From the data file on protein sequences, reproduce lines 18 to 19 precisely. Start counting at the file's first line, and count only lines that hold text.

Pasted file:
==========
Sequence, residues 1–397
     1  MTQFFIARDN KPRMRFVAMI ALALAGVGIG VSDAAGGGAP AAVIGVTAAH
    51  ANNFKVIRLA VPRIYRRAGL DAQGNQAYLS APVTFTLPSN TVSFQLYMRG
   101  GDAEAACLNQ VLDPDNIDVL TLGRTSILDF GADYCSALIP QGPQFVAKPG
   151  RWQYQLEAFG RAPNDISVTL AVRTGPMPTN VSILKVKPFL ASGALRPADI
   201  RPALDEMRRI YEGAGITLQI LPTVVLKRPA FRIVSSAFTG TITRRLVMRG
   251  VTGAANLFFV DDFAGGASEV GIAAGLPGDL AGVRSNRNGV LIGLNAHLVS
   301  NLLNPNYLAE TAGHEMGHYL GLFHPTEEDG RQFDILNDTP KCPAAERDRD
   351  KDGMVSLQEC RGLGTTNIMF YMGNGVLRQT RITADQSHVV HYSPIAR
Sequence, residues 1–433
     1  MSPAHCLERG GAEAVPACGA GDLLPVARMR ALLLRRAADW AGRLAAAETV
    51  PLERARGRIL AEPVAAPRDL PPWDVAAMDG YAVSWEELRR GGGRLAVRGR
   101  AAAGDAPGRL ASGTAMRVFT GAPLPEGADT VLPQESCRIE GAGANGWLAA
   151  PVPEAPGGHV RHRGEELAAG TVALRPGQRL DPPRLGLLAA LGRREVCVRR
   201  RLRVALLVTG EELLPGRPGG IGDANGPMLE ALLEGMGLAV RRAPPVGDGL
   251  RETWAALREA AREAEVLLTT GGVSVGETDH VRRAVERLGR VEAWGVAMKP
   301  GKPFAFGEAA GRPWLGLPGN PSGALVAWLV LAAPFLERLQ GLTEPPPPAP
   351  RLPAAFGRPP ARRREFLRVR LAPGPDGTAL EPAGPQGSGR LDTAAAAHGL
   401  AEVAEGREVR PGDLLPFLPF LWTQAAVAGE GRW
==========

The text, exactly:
   351  RLPAAFGRPP ARRREFLRVR LAPGPDGTAL EPAGPQGSGR LDTAAAAHGL
   401  AEVAEGREVR PGDLLPFLPF LWTQAAVAGE GRW